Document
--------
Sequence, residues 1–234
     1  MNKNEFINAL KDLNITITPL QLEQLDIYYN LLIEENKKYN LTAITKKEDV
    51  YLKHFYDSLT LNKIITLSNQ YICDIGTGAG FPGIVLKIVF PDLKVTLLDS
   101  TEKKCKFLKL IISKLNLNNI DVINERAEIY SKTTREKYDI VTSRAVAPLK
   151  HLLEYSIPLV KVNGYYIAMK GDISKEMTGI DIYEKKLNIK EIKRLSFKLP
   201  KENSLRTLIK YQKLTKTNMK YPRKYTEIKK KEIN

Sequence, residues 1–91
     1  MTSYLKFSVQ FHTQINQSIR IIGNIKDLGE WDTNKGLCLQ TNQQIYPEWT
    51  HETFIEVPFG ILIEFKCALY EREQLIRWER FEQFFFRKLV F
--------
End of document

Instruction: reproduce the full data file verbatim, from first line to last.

Sequence, residues 1–234
     1  MNKNEFINAL KDLNITITPL QLEQLDIYYN LLIEENKKYN LTAITKKEDV
    51  YLKHFYDSLT LNKIITLSNQ YICDIGTGAG FPGIVLKIVF PDLKVTLLDS
   101  TEKKCKFLKL IISKLNLNNI DVINERAEIY SKTTREKYDI VTSRAVAPLK
   151  HLLEYSIPLV KVNGYYIAMK GDISKEMTGI DIYEKKLNIK EIKRLSFKLP
   201  KENSLRTLIK YQKLTKTNMK YPRKYTEIKK KEIN

Sequence, residues 1–91
     1  MTSYLKFSVQ FHTQINQSIR IIGNIKDLGE WDTNKGLCLQ TNQQIYPEWT
    51  HETFIEVPFG ILIEFKCALY EREQLIRWER FEQFFFRKLV F